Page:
Last week I wrote Part 1 of this blog on the problems I have encountered with arbitration. Please see that post if you have not read it. What follows is Part 2 of the reasons that I advise my franchise and business clients why they should be wary of automatically including an arbitration clause in any franchise agreement or other contract that they execute:
4. Judges are generally more experienced, more versed in the law, and otherwise more qualified to hear disputes than most arbitrators. While not every judge is equally qualified, most judges have been vetted by their local and state bar organizations, and either elected by voters or appointed by politicians. Judges have a track record that can be reviewed and relied on. Judges in most courts serve on a rotational basis, hearing different types of cases and thereby gaining differing experiences. Judges have resources like law clerks to research the law for them. So while judges may lack technical expertise in a certain area, they make up for that my relying heavily on the attorneys and evidence presented in a given matter. Whatsmore, judges must construe existing law to base their rulings on, or else risk being overturned on appeal. Arbitrators, on the other hand, are in most cases practicing or retired attorneys with a specific area of expertise who have asked to be appointed to serve. Many times, an arbitrator will have only a peripheral knowledge of the subject of the arbitration, yet without the experience, knowledge of the law, or resources to ensure that his or her ruling is correct on the law. This set of circumstances can often times lead to inconsistent or downright baseless arbitrator’s decisions.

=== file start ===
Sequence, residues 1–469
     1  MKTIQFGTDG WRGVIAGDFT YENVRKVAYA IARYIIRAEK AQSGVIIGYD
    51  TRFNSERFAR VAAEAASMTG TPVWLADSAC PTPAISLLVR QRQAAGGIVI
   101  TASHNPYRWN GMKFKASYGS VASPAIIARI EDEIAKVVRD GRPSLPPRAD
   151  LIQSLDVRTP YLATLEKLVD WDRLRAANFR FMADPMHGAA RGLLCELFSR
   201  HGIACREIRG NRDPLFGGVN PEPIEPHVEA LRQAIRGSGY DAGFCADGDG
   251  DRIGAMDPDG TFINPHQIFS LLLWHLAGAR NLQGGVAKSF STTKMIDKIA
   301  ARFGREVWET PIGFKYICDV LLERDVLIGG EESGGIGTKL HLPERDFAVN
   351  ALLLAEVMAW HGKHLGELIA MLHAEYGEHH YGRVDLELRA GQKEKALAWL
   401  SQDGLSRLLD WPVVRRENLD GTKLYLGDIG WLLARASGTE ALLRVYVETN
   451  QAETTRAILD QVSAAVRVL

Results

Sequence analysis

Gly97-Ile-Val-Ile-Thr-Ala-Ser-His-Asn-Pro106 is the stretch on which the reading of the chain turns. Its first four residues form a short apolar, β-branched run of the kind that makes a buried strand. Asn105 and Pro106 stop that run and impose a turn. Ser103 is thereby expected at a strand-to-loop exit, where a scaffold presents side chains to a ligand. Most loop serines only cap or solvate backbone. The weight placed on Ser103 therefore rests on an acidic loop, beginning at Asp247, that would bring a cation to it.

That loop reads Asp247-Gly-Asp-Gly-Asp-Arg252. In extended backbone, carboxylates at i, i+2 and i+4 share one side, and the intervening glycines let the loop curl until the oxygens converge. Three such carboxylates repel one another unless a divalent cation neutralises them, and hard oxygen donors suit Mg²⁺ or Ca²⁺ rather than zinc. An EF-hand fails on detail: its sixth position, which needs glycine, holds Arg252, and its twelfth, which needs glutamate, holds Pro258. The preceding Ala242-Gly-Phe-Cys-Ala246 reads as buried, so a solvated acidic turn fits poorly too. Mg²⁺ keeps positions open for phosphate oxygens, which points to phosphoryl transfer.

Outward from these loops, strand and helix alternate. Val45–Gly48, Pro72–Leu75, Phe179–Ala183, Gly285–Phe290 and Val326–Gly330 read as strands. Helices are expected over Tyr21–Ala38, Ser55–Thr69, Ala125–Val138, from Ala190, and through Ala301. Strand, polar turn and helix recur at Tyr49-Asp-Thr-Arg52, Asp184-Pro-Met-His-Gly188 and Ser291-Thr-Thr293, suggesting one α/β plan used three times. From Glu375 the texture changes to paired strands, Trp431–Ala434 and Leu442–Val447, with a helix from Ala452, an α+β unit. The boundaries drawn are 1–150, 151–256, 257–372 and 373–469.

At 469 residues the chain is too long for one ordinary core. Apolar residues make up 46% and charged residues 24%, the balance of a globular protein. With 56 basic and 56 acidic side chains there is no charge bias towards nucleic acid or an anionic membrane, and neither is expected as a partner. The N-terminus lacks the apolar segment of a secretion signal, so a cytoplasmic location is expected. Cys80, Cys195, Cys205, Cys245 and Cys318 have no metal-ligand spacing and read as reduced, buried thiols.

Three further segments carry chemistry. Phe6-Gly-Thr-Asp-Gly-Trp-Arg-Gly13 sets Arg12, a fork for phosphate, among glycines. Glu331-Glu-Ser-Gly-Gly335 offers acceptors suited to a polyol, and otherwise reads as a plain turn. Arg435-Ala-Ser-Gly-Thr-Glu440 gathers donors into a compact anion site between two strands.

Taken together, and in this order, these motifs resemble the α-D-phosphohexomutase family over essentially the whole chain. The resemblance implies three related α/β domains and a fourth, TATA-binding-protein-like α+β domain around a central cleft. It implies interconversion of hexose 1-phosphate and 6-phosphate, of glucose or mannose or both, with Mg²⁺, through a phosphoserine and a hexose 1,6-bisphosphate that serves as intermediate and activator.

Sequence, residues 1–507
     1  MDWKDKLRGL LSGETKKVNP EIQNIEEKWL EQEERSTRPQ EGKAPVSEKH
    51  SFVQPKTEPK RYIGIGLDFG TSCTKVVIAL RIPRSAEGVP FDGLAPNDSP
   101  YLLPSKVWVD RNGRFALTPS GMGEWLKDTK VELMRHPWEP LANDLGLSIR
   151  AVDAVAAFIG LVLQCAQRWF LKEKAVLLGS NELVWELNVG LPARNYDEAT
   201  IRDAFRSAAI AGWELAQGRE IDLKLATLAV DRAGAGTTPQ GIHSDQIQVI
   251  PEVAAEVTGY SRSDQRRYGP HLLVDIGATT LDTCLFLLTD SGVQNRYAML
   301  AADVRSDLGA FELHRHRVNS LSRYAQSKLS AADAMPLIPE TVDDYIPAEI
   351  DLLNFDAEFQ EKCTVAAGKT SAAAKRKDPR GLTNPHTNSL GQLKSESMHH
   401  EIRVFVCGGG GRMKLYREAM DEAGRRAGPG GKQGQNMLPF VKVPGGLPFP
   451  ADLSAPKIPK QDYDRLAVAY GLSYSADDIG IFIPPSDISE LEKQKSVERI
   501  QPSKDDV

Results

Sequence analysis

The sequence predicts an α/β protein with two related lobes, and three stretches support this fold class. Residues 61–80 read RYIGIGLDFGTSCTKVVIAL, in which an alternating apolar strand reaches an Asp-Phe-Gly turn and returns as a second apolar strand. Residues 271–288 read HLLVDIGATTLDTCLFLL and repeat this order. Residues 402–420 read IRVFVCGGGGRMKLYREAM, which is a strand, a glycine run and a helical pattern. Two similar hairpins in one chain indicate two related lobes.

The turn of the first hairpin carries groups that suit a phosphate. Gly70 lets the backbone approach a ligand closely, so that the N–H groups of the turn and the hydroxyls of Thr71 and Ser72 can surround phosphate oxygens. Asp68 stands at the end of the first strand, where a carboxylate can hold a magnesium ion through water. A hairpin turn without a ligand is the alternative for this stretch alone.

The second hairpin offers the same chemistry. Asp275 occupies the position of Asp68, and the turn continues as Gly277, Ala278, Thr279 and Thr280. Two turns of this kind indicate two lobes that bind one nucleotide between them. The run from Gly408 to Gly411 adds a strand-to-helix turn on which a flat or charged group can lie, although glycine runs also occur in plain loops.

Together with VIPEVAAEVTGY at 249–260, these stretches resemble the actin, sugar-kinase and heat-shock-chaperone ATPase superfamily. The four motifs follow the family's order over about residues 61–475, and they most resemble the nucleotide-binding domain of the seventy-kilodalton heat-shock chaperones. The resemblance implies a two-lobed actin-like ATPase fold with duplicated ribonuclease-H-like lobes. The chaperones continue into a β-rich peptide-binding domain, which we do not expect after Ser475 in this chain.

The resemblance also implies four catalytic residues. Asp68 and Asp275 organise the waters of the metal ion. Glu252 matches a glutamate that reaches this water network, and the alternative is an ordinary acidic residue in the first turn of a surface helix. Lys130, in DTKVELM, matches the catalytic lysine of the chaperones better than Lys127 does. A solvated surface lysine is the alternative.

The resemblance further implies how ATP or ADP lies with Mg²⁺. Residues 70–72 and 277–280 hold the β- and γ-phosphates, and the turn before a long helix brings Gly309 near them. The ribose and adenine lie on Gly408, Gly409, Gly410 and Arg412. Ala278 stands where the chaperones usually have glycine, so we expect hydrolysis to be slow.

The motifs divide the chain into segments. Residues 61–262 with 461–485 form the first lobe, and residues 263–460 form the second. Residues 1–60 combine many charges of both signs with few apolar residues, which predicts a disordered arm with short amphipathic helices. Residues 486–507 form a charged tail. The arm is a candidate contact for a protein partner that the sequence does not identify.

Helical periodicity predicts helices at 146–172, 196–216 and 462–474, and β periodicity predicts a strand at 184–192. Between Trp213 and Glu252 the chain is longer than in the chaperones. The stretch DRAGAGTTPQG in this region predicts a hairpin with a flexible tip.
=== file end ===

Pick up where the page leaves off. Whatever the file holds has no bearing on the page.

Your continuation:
5. Judges produce formal opinions reciting the law relied on and applying the law to the facts to reach a decision. Many arbitrators, meanwhile, can issue awards without including their specific legal reasoning for an award. For purposes of appeal, judges are required to produce formal opinions citing the issues, facts, law and conclusion in an orderly fashion. This allows parties to focus many times on a distinct area for appeal, and allows appeals courts to easily review the court’s basis for a decision. Conversely, many arbitrators are required to issue only a narrowly written award unless otherwise agreed to by the parties. Even then, an arbitrator issuing a “reasoned award” may not satisfactorily explain the evidence relied on, the law used and how the arbitrator’s conclusion was arrived at. This not only makes it difficult for the parties to decipher how a particular arbitration award was arrived at, but more importantly, makes the record for appeal nearly impossible.
6. Even if an arbitrator issues a reasoned award, the right to appeal an arbitration award is extremely narrow when compared to a party’s ability to appeal a court ruling. In most instances, losers at trial have the right to appeal the merits of a court’s decision to a higher court “de novo”, using almost any substantive or procedural issue available to them. The basis of an appeal of an arbitration award however is severely limited, and many times requires the appealing party to clear such high hurdles as proving fraud, corruption of the arbitrator, or the arbitrator exceeding his or her powers. The difficulty of appeal, when combined with the erratic decisions of some arbitrators, is another reason to forego arbitration in favor of litigation, except in a specific set of circumstances discussed with and approved by my client.